We Ask Mark Annett, “What is Side Hustle University?”

Recently, Mark Annett, a long-time member of the New Jersey tech and entrepreneurship community, sat down with NJTechWeekly.com to talk about “Side Hustle University.”

 Annett, who has started many companies on his own and with other entrepreneurs as part of Annett Enterprises (Livingston), is a patent agent who now works under contract for NJIT’s Martin Tuchman School of Management.

Side Hustle University is sponsored by the Martin Tuchman School of Management and supported by Synchrony, a financial services company in Stamford, Connecticut. It is based on the free e-book “The Side Hustle: How to Turn Your Spare Time Into $1000 a Month or More,” by Nick Loper, on Loper’s weekly “Side Hustle Show” podcast series and on the lean business methodology.

Annett noted that the group is for those who want some financial freedom. After all, he said, who couldn’t use an extra $1,000 per month! The program is free, but you won’t find any get-rich-quick schemes here.  Instead, because this is Side Hustle University, the group teaches the skills needed to turn a side hustle into a business. It is a method of growing a business from a few customers to thousands by learning from and growing with your customers.

During the sessions, members of the community learn the art of side hustling, participate in the Side Hustle University accelerator, and then join Side Hustle Mastermind groups.

In Response to a Changing Startup World

The startup world is changing, Annett told us. Gone are the days when an entrepreneur with an idea could go to a Lean Startup weekend and build a company just from that. “You have to be what I call a two-tier startup. Entrepreneurs who can’t afford to quit their jobs and devote full time to their startup need to build up by hustling.”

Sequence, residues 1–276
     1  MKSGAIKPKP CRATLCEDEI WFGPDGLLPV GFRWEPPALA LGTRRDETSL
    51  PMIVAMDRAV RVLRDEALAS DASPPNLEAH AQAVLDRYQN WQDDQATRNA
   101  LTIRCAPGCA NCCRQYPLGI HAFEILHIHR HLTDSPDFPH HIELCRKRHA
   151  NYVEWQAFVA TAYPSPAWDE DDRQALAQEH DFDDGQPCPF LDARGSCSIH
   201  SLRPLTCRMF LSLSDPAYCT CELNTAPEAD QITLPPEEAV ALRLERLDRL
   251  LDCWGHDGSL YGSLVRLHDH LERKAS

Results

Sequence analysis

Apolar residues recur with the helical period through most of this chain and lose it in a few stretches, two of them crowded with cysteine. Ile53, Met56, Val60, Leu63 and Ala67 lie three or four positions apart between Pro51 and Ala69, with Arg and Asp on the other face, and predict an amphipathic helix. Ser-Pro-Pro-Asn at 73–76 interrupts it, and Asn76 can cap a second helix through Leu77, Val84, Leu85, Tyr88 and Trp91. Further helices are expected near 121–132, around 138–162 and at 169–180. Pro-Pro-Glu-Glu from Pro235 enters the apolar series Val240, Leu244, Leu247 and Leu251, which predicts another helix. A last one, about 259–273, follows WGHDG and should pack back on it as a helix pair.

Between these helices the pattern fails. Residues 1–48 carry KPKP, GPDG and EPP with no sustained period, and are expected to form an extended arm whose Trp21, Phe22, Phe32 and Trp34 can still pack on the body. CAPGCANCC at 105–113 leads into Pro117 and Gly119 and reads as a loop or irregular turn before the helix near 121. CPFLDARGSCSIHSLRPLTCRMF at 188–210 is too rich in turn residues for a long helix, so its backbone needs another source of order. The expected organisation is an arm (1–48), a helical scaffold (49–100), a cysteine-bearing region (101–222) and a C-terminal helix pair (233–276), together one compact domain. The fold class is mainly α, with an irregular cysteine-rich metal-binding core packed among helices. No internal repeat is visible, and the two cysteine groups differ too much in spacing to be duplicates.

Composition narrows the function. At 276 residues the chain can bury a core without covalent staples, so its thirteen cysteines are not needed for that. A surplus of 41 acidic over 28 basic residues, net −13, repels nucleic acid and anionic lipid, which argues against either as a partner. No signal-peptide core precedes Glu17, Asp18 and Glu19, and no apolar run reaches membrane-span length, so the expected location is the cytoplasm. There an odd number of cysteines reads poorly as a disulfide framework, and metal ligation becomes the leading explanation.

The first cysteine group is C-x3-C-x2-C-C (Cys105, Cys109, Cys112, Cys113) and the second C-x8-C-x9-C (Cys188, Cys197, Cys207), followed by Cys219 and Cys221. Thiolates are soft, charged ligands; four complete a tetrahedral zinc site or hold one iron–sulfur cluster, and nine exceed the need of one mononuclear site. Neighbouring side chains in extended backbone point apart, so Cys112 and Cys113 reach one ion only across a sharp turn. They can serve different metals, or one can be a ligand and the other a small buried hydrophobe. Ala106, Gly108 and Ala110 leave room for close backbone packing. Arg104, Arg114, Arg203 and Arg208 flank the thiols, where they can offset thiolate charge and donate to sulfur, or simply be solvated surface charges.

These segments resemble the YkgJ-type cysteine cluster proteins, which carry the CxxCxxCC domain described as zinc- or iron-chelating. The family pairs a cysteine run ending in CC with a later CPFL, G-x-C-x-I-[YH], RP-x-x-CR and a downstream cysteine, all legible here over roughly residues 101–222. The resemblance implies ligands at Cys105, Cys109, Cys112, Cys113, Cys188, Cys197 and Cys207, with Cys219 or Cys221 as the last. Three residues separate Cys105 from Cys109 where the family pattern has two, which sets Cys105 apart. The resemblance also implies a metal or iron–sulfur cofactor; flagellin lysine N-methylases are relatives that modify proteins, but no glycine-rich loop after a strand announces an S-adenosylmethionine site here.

While beginning a side hustle is a beautiful way to start an entrepreneurial journey, a side hustle doesn’t happen overnight, Annett said. “I tell people that I’m being totally honest with them. If you’re willing to commit two years to a side hustle, then there’s a good chance you can leave your day job.”

“The other reason that I’m teaching side hustling, he said, “is quite frankly because 40 percent of the population can’t afford a $400 car repair bill right now. It’s that population that I really want to help. So, if you can get an extra $500 or $1,000 a month, it will make a huge difference in your life.”

The program starts with an introductory workshop, where Annett acts as the participants’ cheerleader. “I’m telling them that they can do it and how we will proceed. They learn how they can think about the skills they already have and how they can start and monetize a business based around their interest and skills, and the intersection of their network. And that’s one of eight different models that I’m teaching them in terms of how to do it.”

Then there is a two-day weekend workshop where the “rubber meets the road,” he said. “During that workshop students are taught the actual skills that they need to begin, such as how to create a website, how to set the website up for Google organic search, how to structure it. … I teach them stuff that they wouldn’t know without somebody showing them. They get to learn tools they can use to see how people are actually doing keyword searching and learn how to create an audience. I’m trying to teach them action, how to use products that will help them create a product-based business, a service-based business or an audience-based business.” By the end of the workshop, the students have the skills to start.

Visualizing What Success Looks Like

After they graduate, they get access to a Mastermind group where they can exchange ideas and learn to ask each other essential questions such as “What will success look like to you?” as they create their goals. Annett explained that anyone can create a goal, but if they can also visualize what success will look like when they reach that goal, they have an advantage. “They can’t just say they are going out to talk to three customers,” they have to decide what it means to them to have talked to those customers, and what they are looking to get back from the experience of talking to them.

Annett noted that the first Mastermind group he created was scheduled to last just a few minutes, but lasted three-and-a-half hours, as the entrepreneurs started discussions among themselves, helping each other clarify their business objectives. The group is ongoing, with the budding entrepreneurs getting together monthly to support each other.

Through cross-programming with several other meetup groups under the Side Hustle University umbrella, Annett has run 15 workshops, reaching a total of 220 people.  While not everyone registers for the complete program, Annett reported that more than 50 percent of those who do register for the complete program see it through to the end. 

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